Antitrust Regulators & Standards Development Organizations | Standards Michigan

Antitrust Regulators & Standards Development Organizations

...“It has long been recognized that the establishment and monitoring of trade standards is a legitimate and beneficial function of trade associations . . . [and] a trade association is not by its nature a ‘walking conspiracy’, its every denial of some benefit amounting to an unreasonable restraint of trade...” (Fifth Circuit Court, 1988)


Antitrust Regulators & Standards Development Organizations

May 30, 2020

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“The Bosses of the Senate”, a cartoon by Joseph Keppler depicting corporate interests—from steel, copper, oil, iron, sugar, tin, and coal to paper bags, envelopes, and salt—as giant money bags looming over the tiny senators at their desks in the Chamber of the United States Senate. CLICK ON IMAGE




To carry out our mission to make education facilities safer, simpler, lower-cost and longer-lasting we are sensitive to the mission of all market actors in this $300 billion (and largely, non-profit) space.  Standards Michigan is a for-profit, limited liability corporation with an evolving business model that seeks to apply any tool — and invent one — to accomplish its objective.   With its origin and inspiration from a University of Michigan business and finance enterprise in 1993; we are skilled in asserting the user-interest in the global standards system and have a solid and verifiable track record of success making safe and sustainable cost reductions possible.  See our ABOUT.

Staying in business means staying in your lane and being sensitive to competitors who can become collaborators on specific issues.   The collaboration may not last long, or be very limited in scope, but it is a credit to the global standards system that a framework for collaboration and competition is generally fixed and honored in the courts.

The education industry is a discoverer and promulgator of new knowledge.  It has a social obligation to contribute to the culture of collegiality to transfer to every nation’s youth as inherited wisdom.  Simultaneous competition and collaboration opens onto a minefield of sensitivities, however.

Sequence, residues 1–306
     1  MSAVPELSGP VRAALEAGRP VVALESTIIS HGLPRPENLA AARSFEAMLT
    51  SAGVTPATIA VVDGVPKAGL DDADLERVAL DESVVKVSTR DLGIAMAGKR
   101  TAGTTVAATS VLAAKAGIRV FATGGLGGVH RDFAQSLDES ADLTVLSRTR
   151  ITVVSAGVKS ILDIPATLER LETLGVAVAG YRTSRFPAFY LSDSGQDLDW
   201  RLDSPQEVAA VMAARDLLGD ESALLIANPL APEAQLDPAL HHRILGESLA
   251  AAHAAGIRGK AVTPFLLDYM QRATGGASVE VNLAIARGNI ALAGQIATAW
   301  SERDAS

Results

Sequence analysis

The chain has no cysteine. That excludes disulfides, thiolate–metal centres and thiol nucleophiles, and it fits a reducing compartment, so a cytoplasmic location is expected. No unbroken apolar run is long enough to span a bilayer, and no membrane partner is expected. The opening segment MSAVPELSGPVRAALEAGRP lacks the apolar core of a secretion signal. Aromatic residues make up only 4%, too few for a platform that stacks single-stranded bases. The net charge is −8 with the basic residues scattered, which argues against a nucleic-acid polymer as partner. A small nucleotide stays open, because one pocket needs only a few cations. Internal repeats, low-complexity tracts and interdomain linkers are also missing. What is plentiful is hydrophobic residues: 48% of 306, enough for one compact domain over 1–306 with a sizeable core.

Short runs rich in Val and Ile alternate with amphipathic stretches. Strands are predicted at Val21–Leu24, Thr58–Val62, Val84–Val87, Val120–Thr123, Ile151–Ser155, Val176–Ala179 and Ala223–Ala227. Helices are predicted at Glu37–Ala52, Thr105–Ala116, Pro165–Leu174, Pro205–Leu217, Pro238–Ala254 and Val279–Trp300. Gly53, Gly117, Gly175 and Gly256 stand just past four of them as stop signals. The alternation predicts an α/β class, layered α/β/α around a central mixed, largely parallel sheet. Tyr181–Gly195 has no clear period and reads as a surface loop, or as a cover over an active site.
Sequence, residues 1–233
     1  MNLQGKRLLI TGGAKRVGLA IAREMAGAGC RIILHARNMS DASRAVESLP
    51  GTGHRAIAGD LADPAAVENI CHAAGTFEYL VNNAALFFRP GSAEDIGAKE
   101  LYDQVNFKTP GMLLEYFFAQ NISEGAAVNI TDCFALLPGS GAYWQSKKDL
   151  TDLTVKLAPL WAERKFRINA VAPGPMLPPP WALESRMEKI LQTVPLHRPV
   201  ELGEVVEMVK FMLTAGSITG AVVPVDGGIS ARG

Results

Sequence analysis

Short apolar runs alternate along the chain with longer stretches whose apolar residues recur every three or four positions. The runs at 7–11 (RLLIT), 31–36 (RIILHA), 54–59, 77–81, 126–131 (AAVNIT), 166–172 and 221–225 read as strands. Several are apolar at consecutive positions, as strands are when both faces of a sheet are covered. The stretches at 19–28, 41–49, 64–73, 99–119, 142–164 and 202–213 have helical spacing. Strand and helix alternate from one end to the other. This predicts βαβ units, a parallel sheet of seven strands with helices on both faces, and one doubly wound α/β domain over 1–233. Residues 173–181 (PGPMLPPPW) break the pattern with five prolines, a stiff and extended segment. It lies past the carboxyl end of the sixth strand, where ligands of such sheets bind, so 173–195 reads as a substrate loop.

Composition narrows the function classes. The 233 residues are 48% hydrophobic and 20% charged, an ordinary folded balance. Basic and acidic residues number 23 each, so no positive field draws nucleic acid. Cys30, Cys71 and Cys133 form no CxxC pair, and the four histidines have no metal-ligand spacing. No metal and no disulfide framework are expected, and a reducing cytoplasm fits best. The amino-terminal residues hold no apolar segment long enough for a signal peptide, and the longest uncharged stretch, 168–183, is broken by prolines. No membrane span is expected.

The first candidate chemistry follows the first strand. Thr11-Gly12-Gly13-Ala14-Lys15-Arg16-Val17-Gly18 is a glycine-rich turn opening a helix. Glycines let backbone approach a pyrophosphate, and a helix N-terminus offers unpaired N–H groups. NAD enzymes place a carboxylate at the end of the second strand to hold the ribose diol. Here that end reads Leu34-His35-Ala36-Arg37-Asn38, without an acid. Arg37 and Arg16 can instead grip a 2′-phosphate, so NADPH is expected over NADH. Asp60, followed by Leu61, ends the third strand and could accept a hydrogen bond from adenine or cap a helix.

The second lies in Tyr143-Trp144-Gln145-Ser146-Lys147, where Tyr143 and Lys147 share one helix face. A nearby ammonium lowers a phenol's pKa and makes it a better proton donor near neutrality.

We frequently refer to incumbent stakeholders, or “verticals” when we frame public commenting opportunities presented by standards developing organizations (SDOs) of any configuration (accredited, consortia, or open source).   We have a search algorithm that runs continuously and picks up commenting opportunities by SDO’s twice a day.  Several times a year we update our list of education industry trade associations; most of them not standards developers*.  These trade associations have constraints; the need to tip-toe around the laws that regulate their activity.

So do trade associations aligned with the academic side of the education industry, as can be observed in the December 2019 case  U.S. v. National Association for College Admission Counseling.   Perspective on this case appears in an article written by a partner in the first name in US standards law Gesmer Updegrove‘s blog: CONSORTIUMINFO.ORG

Antitrust Regulators Turn Attention to Standards Organizations

Russ Schlossbach | March 25, 2020

Along with the Federal Trade Commission the Department of Justice in Washington, D.C. is the public enforcer of antitrust law.

* The education industry trade associations that are ANSI standards developers are the direct result of University of Michigan facility operations catalyzing balance in leading practice discovery.  The primary example is Total Cost of Ownership standard developed by APPA Leadership in Education.


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